April 17-19 hyatt regency crystal city
arlington, va

Wednesday, April 18, 2018

Listen and learn at a series of free cybertours and information sessions for all Computers in Libraries 2018 Exhibit Hall visitors. Taking place at the CyberCorner in the Exhibit Hall, these cybertours cover a range of topics & subject areas. They are open to all and add value to your visit. Space is limited so it's first-come, first-served. Join our Net savvy Web experts for a look at their favorite sites and topics! There is no need to register, simply pick the cybertour of interest to you and arrive at our CyberCorner within the Computers in Libraries 2018 Exhibit Hall at the appropriate time.

Create Once Publish Everywhere (COPE)

11:00 a.m. - 11:15 a.m.
Roy Degler, Associate Professor, Digital Library Services, Digital Resources and Discovery Services, Oklahoma State University

Explore how to adapt NPR’s Create Once Publish Everywhere (COPE) model to a library’s website(s) and resources. Degler covers coping strategies to alleviate the frustration of editing or correcting out-of-date and conflicting content across a variety of online resources. Example approaches include syncing navigation menus, repurposing content, and abstracted URLs across the library’s websites, resources, LibGuides, and discovery platform. Get lots of tips and tricks to use in your environment!

Transitioning to Open Source

11:30 a.m. - 11:45 a.m.
Michael W Kucsak, Assistant Dean & Chief of Staff, Virginia Tech University Libraries
Nathan Curulla, Owner, CRO, ByWater Solutions LLC Koha Global Community

Virginia Polytechnic Institute and State University is transitioning to open source as their next Library Management System of the library's 1.5 million plus holdings. They are also creating a unified catalog allowing students to easily find all of the resources needed in one interface. Hear how the decision was made by The Virginia Tech University Libraries for this large scale academic library adoption, their challenges and experiences.

Doing Online Research & Ordering a Salad: Similar?

12:00 p.m. - 12:15 p.m.
Adam Blackwell, Product Manager Lead, Platforms & Dissertations, ProQuest (formerly) faculty at University of Utah

If you're in a hurry and just need to eat, then pretty much any salad will satisfy you. But if you're training for an iron man and observing a strict ketogenic diet, you'll likely have strong and specific preferences about what goes into your salad. Research is not so different. When you use online databases, what constitutes an optimal experience is almost entirely a function of what you're trying to achieve. Learn how the development of highly responsive and adaptive platforms can help researchers achieve their objectives far more efficiently than ever before.

Improving Customer Digital Experience: Research

12:30 p.m. - 12:45 p.m.
David Folmar, Library and Media Specialist, iSchool TRACE Center, University of Maryland

A federally-funded project led by Univ. of Maryland's iSchool will be implementing a new auto-personalization system in several test libraries in 2018-19. Library patrons can use the system to choose and automatically store their preferred settings in the cloud, which instantly change the computers in libraries, schools, work, and home to a form that is easier for them to understand and use. This will improve the digital experience for people with diverse abilities, skills and interests, including those experiencing barriers to computer use because of disabilities, aging, or low digital literacy.  Hear more from our speaker.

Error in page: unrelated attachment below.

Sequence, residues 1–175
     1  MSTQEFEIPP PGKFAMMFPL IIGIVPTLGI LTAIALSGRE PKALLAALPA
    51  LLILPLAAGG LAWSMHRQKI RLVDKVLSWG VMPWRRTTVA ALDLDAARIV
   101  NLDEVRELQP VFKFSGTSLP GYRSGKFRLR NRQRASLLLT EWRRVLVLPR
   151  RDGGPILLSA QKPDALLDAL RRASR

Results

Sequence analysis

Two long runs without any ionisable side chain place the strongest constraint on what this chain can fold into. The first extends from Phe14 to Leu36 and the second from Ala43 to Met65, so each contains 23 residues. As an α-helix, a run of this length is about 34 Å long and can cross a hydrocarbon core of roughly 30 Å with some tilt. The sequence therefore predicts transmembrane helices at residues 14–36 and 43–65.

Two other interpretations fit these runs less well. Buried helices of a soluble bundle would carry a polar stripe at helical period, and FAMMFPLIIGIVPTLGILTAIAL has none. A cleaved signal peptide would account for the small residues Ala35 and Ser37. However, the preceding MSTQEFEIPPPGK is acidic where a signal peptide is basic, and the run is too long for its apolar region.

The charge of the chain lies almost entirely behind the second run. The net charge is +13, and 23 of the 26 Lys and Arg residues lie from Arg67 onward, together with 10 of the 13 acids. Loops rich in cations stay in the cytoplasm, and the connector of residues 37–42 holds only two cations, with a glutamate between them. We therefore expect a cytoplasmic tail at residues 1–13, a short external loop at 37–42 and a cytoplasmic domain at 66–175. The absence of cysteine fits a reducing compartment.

Marketing Tips from Award-winning Libraries

1:00 p.m. - 1:15 p.m.
Jill Konieczko, Director, Library Services Division, Zimmerman Associates, Inc. NASA Goddard Library

Looking for new and novel ways to increase your library’s traffic and maximize your outreach efforts? Join this cybertour for marketing ideas from three award-winning federal libraries, staffed by Zimmerman Associates, Inc.

Leveraging Data & Learning Outcomes: Tech Toolkit

1:30 p.m. - 1:45 p.m.
Marianne Giltrud, Faculty Librarian Instruction, Library and Learning Resources, Prince George's Community College

Get tips on doing an assessment of information literacy instruction and mapping it to student learning outcomes, ACRL Framework and the AACU rubric for learning. Hear how this library used LibWizard to create the pre-and post-test, embedded in a private LibGuide and then deployed in selected classes using NetSupport Tutor or Blackboard Learning Management System. With a baseline of learning outcomes, results were analyzed using the LibWizard reports as well as Voyant Tools to analyze free text comments. Hear the results and get some info on the tech tools they used.

Customer-Focused Thesauri

2:00 p.m. - 2:15 p.m.
Heather Hedden, Senior Vocabulary Editor, Gale/Cengage Learning

Thesauri support consistent indexing, and high precision and recall in retrieval in research databases, but on the customer end, thesauri are often overlooked in user interfaces which promote a simplified search experience. Hear about the features and benefits of a thesaurus, how the “hidden” thesaurus can be found, and see through subscription database demos and screenshots. As editor of the Gale subject thesaurus, our speaker hopes to encourage librarians to guide, train, and/or provide documentation to users to encourage them to find and make use of a database’s thesaurus to get the most accurate results.

Dealing with Link Rot & Reference Rot

2:30 p.m. - 2:45 p.m.
Laura Gordon-Murnane, Research Tools & Technology Librarian Analyst, Library, Bloomberg BNA